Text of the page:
In his next appearance, Dominguez pitched a perfect 7th inning, retiring Manny Pina and Eric Sogard on strikeouts and getting Orlando Arcia on a groundout. He came out for the 8th inning and struck out Lorenzo Cain, gave up a single to Christian Yelich, struck out Jesus Aguilar, then gave up a single to Travis Shaw and an RBI single to Ryan Braun that cut the Phils lead from 4-2 to 4-3. He retired Jonathan Villar to end the inning and the Phillies hung on to win 4-3, but it was clear he battled through a rocky second frame.
June 17 at Milwaukee Brewers
Two outings later, facing the Brewers again, Dominguez relieved Adam Morgan with one out in the bottom of the 7th and gave up a single to Jesus Aguilar then retired Jonathan Villar and Hernan Perez with the Phillies trailing 8-5. He then came out for the bottom of the 8th and retired Manny Pina and Ryan Braun swinging but then gave up back-to-back walks to Eric Thames and Christian Yelich. Victor Arano had to get the final out of that frame.
Those are three games clustered together that likely stood out in the memories of fans watching last night. Then there was...
September 11 vs. Washington Nationals
He was relatively effective in his next seven multi-inning appearances until a heartbreaker of a game against the Washington Nationals in Philadelphia on September 11. Dominguez entered the top of the 8th of a game the Phillies led 5-3 and retired Trea Turner on a double play grounder and a groundout of Bryce Harper. But he was brought back out for the 9th, with a 6-3 advantage, and walked Anthony Rendon, threw a wild pitch, walked Juan Soto, struck out Mark Reynolds, gave up an RBI single to Matt Wieters to make it 6-4, got Ryan Zimmerman on a groundout, gave up an RBI single to Andrew Stevenson to make it 6-5 then walked Adam Eaten to load the bases for Trea Turner. Luis Garcia relieved, walked in the tying run, and Juan Soto gave the Nationals the 7-6 victory with a leadoff homer in the 10th.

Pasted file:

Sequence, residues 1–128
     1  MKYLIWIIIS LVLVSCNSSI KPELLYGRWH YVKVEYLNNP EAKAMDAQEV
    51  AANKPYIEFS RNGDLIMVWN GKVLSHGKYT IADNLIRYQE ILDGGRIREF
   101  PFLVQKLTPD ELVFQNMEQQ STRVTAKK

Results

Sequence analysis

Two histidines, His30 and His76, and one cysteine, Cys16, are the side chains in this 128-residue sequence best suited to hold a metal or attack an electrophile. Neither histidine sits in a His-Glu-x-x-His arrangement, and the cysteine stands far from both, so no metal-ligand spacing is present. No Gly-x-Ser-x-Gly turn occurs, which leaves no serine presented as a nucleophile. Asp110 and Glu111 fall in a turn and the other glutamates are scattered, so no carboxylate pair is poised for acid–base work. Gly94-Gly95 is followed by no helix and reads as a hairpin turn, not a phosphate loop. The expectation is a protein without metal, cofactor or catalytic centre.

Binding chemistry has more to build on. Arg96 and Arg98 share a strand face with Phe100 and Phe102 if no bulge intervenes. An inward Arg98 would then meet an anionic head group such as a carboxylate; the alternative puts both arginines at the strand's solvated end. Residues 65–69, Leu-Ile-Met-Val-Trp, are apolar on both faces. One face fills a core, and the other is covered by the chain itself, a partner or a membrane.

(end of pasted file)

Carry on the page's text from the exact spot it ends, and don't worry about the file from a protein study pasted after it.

That was his last multi-inning outing of the season. Each of his last six appearances were one inning apiece.
So, in four of Dominguez’ 16 multi-inning appearances last year, Dominguez pitched poorly in that second inning of work, with a couple of those losses among the most crushing of the season. However, in three-quarters of those appearances, Dominguez did just fine. It’s those heartbreaking outings that resonate in the minds of fans most clearly and why so many people, myself included, thought it was a bad idea to bring Seranthony out for Round No. 2.
Fortunately, unlike last year’s debacle in Chicago, Dominguez’ stumble at Wrigley Field was overcome thanks to some clutch hitting by Maikel Franco, Jean Segura and J.T. Realmuto. It’s always nice when the offense can bail everyone out.
Based on his previous results, it’s right to wonder if the Phillies’ desire to use Dominguez as a multi-inning reliever is the right one. He has had some very large stumbles in those situations, but he’s also, more often than not, emerged from those outings unscathed. But until Dominguez shows the type of consistency necessary for him to be dependable in single inning performances this year, it would be wise to hold off in using him for multiple innings unless there was no other choice.